I personally have a tendency to over-communicate with my managers so the conversation I would have with any new boss is along the lines, “I’m used to copying my boss on all emails that may be eventually brought to your attention. I don’t necessarily expect you to read them, but I want to make sure you have them available if your manager or someone from other departments asks. If I need your help I will specifically indicate that in the subject of the email. Does this work for you?”

As you see I’m not asking “How do you want me to communicate?” since it would put me in a passive role of the one who needs to adjust. By proactively describing how the communication could look like you ensure your voice is heard and needs fulfilled. The boss can always say “no”. In my case, sometimes the answer was, “works for me.” Sometimes the answer was, “no need, just include me when you need help.” Regardless of the answer, it helped manage the expectations.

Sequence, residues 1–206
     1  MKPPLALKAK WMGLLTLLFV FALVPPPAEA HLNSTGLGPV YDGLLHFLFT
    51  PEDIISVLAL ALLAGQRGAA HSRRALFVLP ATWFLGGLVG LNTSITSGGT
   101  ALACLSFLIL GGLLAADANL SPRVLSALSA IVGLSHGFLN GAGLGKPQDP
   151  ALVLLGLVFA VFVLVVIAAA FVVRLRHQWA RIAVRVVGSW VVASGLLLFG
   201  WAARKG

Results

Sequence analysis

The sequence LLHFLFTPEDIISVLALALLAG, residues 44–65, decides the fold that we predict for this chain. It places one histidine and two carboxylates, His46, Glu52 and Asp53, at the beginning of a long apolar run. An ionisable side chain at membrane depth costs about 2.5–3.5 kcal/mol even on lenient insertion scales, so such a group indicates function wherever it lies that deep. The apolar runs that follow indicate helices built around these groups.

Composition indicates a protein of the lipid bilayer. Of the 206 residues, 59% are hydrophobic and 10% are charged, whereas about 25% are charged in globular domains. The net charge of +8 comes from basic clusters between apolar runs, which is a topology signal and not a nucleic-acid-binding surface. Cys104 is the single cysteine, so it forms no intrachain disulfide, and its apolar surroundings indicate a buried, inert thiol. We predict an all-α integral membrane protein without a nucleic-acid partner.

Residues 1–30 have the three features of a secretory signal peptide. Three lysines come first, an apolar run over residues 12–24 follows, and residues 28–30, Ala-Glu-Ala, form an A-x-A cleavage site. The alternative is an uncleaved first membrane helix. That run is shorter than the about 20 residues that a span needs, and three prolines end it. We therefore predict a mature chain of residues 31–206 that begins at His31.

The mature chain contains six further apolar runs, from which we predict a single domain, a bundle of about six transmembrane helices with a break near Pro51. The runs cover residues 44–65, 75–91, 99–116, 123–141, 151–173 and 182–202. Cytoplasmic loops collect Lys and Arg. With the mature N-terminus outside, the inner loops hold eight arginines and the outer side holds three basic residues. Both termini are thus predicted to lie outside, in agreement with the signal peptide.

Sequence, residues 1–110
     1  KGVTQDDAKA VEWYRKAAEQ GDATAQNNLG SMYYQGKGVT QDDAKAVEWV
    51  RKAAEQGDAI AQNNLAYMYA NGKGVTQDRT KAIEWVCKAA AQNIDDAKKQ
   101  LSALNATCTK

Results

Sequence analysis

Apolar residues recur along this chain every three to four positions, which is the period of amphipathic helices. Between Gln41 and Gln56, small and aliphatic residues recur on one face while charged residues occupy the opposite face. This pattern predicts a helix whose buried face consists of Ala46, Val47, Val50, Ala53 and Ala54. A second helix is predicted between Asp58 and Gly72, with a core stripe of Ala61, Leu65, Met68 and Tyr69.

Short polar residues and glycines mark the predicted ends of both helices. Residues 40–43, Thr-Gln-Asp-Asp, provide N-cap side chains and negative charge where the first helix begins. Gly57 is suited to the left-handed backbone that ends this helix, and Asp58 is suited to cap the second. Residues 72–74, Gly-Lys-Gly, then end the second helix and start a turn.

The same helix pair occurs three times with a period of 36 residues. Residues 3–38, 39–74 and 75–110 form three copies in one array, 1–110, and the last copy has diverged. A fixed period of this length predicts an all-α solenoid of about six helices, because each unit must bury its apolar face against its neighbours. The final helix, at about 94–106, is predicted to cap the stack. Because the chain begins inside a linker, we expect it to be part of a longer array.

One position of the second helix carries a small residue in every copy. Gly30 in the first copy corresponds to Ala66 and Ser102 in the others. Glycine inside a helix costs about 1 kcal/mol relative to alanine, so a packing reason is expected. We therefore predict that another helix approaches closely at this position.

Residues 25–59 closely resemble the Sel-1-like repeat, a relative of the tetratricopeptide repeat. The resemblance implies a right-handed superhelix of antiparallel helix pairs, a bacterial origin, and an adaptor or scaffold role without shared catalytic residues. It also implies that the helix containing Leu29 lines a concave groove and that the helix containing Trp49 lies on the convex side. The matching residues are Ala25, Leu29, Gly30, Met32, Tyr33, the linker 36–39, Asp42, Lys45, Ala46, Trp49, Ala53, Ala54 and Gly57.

Setting goals, priorities and check-points

This is not article about goals and priorities setting so I’m listing it here just for completeness. Having clearly set goals, understood priorities, and agreed upon check-points is critical for healthy, surprise free, working relationship. You may check some of my thoughts on the topic in The Puzzle Of Performance Goals and How To Make SMART Goals Smarter.

Asking for help

One of the key things your boss can do for you is to remove obstacles. In fact, you will read this in almost every book about leadership that leaders are here to show vision and then get out of the way. The only time when they should step in is to remove roadblocks so you can achieve the agreed goals.

This means that you need to have a clear understanding with your boss about what level of issues he or she can help you with. It can be a very general statement along the lines of “when you run into something you can’t figure out let me know and I will help you.” It can be also something much more specific, “once you are ready to present the proposal to the CEO let me know so we review it together and then I can help you by pushing it from my side.”

The key is to have a clearly stated agreement with your manager that it is fine to ask for help and it won’t be held against you.

Offering help